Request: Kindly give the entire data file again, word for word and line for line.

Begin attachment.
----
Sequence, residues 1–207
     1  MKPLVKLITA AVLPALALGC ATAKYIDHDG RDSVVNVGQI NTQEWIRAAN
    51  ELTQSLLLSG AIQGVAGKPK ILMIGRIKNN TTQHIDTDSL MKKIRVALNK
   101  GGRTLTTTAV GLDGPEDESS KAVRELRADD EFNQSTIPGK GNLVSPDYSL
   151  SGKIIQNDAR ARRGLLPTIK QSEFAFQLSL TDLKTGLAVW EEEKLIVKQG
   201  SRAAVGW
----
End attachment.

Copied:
Sequence, residues 1–207
     1  MKPLVKLITA AVLPALALGC ATAKYIDHDG RDSVVNVGQI NTQEWIRAAN
    51  ELTQSLLLSG AIQGVAGKPK ILMIGRIKNN TTQHIDTDSL MKKIRVALNK
   101  GGRTLTTTAV GLDGPEDESS KAVRELRADD EFNQSTIPGK GNLVSPDYSL
   151  SGKIIQNDAR ARRGLLPTIK QSEFAFQLSL TDLKTGLAVW EEEKLIVKQG
   201  SRAAVGW